U.S. consumer spending increased for a fourth straight month in July amid strong demand for automobiles, pointing to a pickup in economic growth that could allow the Federal Reserve to raise interest rates this year.
The Commerce Department said on Monday that consumer spending, which accounts for more than two-thirds of U.S. economic activity, rose 0.3 percent last month after an upwardly revised 0.5 percent gain in June.
July's increase was in line with economists' expectations. Spending was previously reported to have risen 0.4 percent in June. When adjusted for inflation, consumer spending also gained 0.3 percent in July after advancing 0.4 percent in June.
Consumer spending appears to have retained some of its momentum from the second quarter, when it grew at a 4.4 percent annual rate, the fastest in nearly two years. That jump helped to mitigate some of the impact of a sharp inventory drop and prolonged business investment downturn.
The economy grew at a lackluster 1.1 percent growth rate in the second quarter.
July's consumer spending data added to reports on the goods trade deficit, industrial production, durable goods orders and residential construction that have pointed to an acceleration in economic growth early in the third quarter.
The Atlanta Fed is currently estimating third-quarter GDP growth rising at a 3.4 percent annual pace.
Consumer spending is being driven by a tightening labor market, which is steadily lifting wages. Rising home values and stock market prices, which are boosting household wealth, are also supporting consumption.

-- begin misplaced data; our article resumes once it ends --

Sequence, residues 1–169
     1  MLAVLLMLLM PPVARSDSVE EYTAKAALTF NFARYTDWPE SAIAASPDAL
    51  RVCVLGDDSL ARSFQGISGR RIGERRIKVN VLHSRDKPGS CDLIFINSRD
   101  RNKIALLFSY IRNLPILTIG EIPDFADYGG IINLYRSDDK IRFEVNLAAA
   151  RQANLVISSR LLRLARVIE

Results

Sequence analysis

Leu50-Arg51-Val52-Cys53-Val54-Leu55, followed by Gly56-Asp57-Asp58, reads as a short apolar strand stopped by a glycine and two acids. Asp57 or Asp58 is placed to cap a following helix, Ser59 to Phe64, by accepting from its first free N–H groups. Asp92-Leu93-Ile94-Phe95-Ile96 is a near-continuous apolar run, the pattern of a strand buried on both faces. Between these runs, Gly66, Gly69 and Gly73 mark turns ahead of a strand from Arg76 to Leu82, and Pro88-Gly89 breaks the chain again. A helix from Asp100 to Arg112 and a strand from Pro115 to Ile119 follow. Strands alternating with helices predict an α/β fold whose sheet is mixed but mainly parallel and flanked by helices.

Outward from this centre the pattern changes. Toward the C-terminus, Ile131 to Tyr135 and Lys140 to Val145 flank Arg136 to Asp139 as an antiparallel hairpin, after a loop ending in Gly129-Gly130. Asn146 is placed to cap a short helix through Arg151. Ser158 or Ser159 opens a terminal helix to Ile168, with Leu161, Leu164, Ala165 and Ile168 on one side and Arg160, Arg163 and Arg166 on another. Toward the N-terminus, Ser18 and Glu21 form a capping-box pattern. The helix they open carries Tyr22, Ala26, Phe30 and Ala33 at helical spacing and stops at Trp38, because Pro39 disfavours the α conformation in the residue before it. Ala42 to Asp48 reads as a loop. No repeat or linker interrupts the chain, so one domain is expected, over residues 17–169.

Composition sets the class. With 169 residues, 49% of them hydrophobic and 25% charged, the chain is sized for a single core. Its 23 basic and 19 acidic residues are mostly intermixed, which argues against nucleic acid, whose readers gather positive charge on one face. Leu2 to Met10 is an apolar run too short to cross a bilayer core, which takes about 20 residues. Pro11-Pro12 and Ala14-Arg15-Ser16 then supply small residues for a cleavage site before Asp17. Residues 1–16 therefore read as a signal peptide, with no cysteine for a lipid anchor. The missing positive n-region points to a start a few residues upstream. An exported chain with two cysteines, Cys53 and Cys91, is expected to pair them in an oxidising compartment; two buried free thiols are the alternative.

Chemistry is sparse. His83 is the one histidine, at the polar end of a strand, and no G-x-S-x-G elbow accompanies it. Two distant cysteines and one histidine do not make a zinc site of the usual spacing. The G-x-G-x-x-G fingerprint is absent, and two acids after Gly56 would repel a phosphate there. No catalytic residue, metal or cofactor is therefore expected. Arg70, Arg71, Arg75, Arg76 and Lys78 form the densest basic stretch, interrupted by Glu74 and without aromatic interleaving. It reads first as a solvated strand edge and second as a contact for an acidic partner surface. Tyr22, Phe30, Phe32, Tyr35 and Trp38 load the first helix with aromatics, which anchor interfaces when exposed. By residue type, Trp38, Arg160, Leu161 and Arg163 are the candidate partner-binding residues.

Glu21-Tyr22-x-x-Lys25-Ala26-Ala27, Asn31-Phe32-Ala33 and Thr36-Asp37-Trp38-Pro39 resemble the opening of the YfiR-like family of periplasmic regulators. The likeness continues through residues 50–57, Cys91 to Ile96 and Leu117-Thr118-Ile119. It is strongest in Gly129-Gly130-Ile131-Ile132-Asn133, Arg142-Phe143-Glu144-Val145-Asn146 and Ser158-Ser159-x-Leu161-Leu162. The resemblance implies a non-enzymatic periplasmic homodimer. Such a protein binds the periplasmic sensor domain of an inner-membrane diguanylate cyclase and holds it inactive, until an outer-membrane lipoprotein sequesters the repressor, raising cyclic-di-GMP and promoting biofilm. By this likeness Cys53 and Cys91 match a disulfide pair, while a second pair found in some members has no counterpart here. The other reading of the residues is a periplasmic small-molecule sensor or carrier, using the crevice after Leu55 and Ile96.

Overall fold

Fed Chair Janet Yellen told a gathering of global central bankers on Friday that she believed the case for raising interest rates had been strengthened in recent months by the "solid performance of the labor market and our outlook for economic activity and inflation."
Last month, there was little sign of inflation pressures even as consumer spending firmed.
The personal consumption expenditures (PCE) price index, excluding the volatile food and energy components, edged up 0.1 percent after a similar gain in June.
In the 12 months through July the core PCE increased 1.6 percent. It has risen by the same margin every month since March. The core PCE is the Fed's preferred inflation measure and is running below its 2 percent target.
Consumer spending last month was lifted by a 1.6 percent surge in purchases of long-lasting manufactured goods such as automobiles. Spending on services rose 0.4 percent, but outlays on non-durable goods slipped 0.5 percent.
Personal income increased 0.4 percent in July after rising 0.3 percent in June. Wages and salaries advanced 0.5 percent. Savings rose to $794.7 billion from $776.2 billion in June.